In the early part of the title game, Service dominated play and only the quick foot of Mearig saved a goal when a Cougar shot got past a leaping Conerton in the game's third minute. Two minutes later, Juneau scored the only goal it needed as 5-foot-7 freshman Dylan Ashe outleaped several taller players to head in an indirect free kick by senior Lee Sullivan.
The state title was Juneau's second in three years, and the Crimson Bears have been in all four state championship games. It also was the second straight year earned national recognition, finishing the season tied for 20th place in the National Soccer Coaches Association of America's final spring season high school poll and fourth in the Region V (Alaska, Washington, California) rankings.
One other JDHS team would win a state title during 2003, and it was the first championship for the Crimson Bears boys cross-country running team.
Led by junior Tristan Knutson-Lombardo's fifth-place finish, the Crimson Bears had six runners among the state's top 22 finishers as they easily won the state title on Sept. 27 at Palmer High School's Michael Janecek Trails. Juneau scored 67 team points to finish 11 points ahead of runner-up Chugiak's 78 points and 19 ahead of third-place Dimond with 86.
Sophomore Tyler Dinnan finished 14th, while sophomore Wesley Dinnan was 19th, freshman Ray Huebschen was 20th, senior Isaac Milligan took 21st and senior Tim Davin was 22nd for the Crimson Bears. Juneau freshman Nils Domke took 65th place to round out the list of Crimson Bears.
"Guy and I, we ran all over the course, and everyone around was like, 'Juneau, look at Juneau - they're all together!'" Juneau co-coach Merry Ellefson said.
"It looked great right at the start ... and after two laps you realized our group wasn't going to give it up. They were just too deep today," Juneau co-coach Guy Thibodeau added.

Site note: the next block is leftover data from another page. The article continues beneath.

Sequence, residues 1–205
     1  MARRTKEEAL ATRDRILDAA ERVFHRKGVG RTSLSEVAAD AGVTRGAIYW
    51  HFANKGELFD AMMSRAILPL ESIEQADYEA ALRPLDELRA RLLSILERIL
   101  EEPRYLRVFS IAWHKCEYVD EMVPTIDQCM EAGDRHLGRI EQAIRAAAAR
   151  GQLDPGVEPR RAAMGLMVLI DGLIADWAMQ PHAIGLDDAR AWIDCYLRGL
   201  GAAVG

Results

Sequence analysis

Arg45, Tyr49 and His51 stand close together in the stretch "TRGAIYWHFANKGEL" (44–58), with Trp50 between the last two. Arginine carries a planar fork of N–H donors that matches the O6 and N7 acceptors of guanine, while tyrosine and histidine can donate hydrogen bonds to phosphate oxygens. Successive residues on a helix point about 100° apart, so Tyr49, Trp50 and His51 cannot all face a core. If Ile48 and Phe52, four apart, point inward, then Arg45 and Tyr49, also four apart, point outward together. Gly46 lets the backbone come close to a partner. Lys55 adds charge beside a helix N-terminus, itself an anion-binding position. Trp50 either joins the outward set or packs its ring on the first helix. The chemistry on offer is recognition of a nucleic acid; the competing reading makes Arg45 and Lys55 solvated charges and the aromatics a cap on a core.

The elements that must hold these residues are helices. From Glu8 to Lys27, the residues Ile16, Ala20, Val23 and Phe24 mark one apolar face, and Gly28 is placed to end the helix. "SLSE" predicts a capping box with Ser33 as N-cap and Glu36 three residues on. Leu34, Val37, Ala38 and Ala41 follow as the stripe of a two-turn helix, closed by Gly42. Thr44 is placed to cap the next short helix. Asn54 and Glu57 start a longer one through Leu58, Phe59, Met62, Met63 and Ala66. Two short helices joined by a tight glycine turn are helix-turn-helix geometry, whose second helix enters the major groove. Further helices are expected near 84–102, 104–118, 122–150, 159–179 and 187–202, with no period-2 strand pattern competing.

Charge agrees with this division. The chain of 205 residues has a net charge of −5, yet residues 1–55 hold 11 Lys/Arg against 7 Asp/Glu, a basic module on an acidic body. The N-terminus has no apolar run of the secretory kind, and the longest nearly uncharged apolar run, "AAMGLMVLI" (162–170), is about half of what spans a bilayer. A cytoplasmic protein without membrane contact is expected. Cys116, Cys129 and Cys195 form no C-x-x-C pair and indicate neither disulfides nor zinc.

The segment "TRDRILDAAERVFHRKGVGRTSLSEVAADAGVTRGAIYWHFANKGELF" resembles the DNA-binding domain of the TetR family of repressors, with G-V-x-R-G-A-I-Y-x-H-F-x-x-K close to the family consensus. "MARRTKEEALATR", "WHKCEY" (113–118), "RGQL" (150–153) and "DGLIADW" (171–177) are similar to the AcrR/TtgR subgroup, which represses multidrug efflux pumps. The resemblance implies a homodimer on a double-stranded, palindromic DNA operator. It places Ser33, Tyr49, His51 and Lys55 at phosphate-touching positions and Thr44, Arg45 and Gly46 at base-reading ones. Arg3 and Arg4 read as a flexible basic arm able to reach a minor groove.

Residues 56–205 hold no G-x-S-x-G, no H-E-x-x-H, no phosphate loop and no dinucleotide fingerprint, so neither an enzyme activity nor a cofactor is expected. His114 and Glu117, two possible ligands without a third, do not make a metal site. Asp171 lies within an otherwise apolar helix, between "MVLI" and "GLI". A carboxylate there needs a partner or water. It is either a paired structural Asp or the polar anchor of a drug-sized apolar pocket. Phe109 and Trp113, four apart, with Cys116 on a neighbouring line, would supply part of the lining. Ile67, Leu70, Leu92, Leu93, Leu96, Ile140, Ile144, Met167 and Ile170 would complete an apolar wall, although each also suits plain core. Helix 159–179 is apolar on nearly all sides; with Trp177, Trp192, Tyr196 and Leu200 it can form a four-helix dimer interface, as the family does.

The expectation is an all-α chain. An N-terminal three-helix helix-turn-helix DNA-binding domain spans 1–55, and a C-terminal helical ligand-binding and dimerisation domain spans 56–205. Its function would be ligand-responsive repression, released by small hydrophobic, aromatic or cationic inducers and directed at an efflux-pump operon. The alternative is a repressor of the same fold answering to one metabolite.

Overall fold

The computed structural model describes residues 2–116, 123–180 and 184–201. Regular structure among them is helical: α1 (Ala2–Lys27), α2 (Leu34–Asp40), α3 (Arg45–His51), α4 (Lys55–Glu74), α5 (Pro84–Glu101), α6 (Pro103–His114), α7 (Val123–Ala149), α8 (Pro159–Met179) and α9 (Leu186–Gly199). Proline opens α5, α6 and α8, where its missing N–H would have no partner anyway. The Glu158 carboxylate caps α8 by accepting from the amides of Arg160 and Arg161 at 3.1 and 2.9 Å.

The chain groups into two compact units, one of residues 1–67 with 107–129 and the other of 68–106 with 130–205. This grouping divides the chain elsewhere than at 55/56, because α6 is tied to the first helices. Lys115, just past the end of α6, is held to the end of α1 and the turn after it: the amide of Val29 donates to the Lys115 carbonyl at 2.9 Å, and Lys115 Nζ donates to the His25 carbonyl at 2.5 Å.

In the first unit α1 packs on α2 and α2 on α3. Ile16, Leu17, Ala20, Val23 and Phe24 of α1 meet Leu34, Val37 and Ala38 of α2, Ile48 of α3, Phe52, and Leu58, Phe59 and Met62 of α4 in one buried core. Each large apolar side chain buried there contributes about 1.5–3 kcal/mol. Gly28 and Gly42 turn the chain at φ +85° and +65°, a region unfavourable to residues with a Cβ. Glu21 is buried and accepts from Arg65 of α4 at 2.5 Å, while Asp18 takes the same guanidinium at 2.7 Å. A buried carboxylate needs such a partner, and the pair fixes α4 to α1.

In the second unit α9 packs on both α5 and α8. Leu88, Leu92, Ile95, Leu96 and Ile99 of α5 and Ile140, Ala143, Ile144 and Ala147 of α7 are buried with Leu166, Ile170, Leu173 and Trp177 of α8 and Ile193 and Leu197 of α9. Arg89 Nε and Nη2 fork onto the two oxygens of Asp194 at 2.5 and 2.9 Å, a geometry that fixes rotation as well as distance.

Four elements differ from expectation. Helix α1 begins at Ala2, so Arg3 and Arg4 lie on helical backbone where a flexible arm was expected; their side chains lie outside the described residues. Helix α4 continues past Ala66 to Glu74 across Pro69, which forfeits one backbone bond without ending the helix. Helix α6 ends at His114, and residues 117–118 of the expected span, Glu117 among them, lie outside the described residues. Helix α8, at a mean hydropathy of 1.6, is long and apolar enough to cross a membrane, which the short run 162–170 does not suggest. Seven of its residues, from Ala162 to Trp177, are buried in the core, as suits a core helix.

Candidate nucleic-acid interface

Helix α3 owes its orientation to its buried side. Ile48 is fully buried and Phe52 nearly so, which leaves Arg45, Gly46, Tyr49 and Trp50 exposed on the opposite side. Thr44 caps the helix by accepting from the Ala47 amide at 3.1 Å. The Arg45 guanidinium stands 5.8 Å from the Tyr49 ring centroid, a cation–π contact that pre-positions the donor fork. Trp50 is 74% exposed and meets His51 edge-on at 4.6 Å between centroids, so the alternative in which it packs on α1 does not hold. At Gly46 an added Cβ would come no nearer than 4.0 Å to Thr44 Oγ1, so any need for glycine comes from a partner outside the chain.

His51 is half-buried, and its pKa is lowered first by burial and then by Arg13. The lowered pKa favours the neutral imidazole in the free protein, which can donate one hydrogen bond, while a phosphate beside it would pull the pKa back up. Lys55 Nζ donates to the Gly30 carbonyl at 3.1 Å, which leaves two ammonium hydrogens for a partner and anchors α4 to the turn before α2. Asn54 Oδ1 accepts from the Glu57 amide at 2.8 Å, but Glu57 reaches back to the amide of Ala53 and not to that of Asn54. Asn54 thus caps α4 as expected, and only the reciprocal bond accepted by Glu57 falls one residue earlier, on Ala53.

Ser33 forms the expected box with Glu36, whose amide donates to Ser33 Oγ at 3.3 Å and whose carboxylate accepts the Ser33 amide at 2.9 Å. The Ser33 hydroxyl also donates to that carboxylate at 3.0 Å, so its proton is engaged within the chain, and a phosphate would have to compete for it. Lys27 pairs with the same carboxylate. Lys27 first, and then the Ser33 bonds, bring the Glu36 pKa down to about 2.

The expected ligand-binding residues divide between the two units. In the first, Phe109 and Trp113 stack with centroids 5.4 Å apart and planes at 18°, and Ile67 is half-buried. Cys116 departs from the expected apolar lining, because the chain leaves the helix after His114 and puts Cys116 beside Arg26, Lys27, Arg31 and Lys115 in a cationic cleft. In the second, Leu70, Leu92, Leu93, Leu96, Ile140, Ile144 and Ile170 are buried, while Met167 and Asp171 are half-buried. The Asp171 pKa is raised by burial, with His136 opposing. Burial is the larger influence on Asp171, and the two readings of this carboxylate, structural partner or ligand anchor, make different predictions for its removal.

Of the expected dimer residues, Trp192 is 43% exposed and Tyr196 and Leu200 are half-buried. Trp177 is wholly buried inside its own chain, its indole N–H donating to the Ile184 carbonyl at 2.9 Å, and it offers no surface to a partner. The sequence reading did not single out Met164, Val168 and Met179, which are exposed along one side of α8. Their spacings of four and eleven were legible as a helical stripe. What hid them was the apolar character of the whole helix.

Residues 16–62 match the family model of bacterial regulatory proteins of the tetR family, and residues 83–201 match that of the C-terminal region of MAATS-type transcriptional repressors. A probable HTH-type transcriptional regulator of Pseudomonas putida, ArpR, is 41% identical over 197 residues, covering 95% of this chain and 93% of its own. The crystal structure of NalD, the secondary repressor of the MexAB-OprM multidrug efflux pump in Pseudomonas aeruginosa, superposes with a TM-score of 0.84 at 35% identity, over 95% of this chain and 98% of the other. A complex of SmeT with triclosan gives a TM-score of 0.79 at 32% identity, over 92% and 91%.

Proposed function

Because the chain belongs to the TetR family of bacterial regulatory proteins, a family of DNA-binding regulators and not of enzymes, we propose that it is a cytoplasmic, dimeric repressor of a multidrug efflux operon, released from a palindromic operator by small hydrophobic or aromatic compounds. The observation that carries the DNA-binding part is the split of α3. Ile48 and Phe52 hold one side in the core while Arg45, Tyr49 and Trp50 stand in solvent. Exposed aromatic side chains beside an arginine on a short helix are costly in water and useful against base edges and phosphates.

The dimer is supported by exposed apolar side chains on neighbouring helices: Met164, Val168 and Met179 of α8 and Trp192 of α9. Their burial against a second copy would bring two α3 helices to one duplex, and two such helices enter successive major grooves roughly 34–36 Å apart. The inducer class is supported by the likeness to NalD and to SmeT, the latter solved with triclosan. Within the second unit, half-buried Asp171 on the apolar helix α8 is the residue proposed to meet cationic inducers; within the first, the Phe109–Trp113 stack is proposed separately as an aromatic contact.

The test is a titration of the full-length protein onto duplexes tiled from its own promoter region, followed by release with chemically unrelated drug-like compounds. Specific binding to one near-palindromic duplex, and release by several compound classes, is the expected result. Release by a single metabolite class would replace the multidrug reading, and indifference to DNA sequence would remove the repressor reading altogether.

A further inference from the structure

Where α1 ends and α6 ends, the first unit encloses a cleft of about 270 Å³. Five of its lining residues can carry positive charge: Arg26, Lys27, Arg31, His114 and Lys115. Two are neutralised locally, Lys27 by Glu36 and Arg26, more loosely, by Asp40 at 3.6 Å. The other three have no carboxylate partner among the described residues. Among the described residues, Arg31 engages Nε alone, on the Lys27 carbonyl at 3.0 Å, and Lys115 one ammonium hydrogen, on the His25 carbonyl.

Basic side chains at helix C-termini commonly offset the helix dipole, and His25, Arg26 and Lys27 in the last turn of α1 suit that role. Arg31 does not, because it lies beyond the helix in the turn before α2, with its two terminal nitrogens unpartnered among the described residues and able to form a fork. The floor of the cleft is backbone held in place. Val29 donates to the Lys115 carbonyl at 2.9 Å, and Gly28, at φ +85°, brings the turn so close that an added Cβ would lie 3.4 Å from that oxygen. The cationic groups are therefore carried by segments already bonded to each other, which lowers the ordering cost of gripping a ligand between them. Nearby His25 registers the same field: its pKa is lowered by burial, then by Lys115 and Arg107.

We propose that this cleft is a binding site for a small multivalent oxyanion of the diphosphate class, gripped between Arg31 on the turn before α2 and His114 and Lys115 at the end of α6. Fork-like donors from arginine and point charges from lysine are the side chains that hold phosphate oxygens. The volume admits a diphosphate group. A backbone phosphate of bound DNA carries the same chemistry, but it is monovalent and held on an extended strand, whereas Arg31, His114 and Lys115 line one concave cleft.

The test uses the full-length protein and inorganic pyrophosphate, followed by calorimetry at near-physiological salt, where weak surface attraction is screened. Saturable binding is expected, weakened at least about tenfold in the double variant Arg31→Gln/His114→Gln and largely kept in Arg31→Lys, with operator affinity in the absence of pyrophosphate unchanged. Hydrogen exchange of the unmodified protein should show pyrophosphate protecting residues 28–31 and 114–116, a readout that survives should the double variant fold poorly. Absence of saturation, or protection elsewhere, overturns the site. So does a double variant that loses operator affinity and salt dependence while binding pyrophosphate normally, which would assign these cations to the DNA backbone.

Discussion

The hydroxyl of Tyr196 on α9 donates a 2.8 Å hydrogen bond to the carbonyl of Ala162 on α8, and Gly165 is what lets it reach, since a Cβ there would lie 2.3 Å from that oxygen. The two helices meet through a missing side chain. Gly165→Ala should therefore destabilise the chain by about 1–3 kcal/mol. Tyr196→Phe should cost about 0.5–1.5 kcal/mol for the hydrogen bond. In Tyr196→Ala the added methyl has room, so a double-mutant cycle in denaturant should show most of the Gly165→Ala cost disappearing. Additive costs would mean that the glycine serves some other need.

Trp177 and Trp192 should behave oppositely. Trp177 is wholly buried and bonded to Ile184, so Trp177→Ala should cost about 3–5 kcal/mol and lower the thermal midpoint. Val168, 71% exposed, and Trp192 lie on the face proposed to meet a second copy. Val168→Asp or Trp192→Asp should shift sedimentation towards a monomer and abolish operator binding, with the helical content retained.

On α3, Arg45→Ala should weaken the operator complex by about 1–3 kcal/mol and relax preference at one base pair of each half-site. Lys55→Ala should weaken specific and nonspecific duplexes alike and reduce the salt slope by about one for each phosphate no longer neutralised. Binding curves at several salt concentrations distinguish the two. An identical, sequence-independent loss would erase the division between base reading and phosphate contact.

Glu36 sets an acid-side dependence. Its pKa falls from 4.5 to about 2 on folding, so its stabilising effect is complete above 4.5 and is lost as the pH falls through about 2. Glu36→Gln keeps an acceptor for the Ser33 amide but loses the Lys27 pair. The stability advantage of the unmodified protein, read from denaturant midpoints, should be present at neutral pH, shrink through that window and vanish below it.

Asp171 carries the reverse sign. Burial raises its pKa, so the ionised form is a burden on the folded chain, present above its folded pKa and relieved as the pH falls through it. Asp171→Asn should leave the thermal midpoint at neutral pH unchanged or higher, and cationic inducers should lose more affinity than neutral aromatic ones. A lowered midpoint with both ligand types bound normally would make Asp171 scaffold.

The only individual state championship won by a Juneau athlete came at the state track meet May 24 at Anchorage's Bartlett High School. Crimson Bear senior Ernest Monts overcame a slow start to win the boys 100-meter dash, becoming the first JDHS state track champion since teammate Loreen Tupou won the discus in 2001 and the first male state track champion since Robert Ridgeway won the 100 meters in 1998.
Juneau has a couple of close calls at state: While the Juneau baseball team was able to repeat as state champions in 2003, three other 2002 JDHS state champion teams came close but fell short in their bids.
The team that came the closest was the softball team, which took second place with a 7-1 loss to undefeated Chugiak in the June 6 state championship game. The Crimson Bears, who turned over 75 percent of their roster and only had one senior and two juniors, lost to Dimond in its state tourney opener, 8-7 in eight innings. But the young Juneau squad rallied to win five losers' bracket games en route to a spot in the championship game. Three Crimson Bears - senior first baseman-left fielder Danielle Larson, sophomore pitcher-first baseman Ashley Larson and freshman pitcher-middle infielder Hannah Barril - joined Sitka senior shortstop Sid Wyman on the all-state tournament team.
The other two 2002 state champion teams bidding for repeats were the boys swimming and diving team and the girls volleyball team.
The swim team took third place on Nov. 8, scoring just five points fewer than it did in 2002 when the Crimson Bears shared the title with Soldotna, but finishing well behind 2003 state champ Lathrop and runner-up Service. Juneau had three second-place finishes at state - in the 200-yard medley relay team and 400 freestyle relay, plus by junior Tyler Hennon in the 500 free - while senior Olin Robus won his preliminary heat in the 100-yard breaststroke but finished third in the finals.
The volleyball team, which turned over as much of its roster as the softball team did, took fifth place at state. The Crimson Bears beat Bartlett in five games in a rematch of the 2002 state title match to open the tournament, then lost 28-26, 28-26, 28-26 in the semifinals to Colony and 19-25, 25-20, 25-17, 18-25, 18-25 to Dimond in the third-fifth place match. Service beat Colony in four games to win the state title. Senior outside hitter Julie Heard was Juneau's only player to make the all-state tournament team.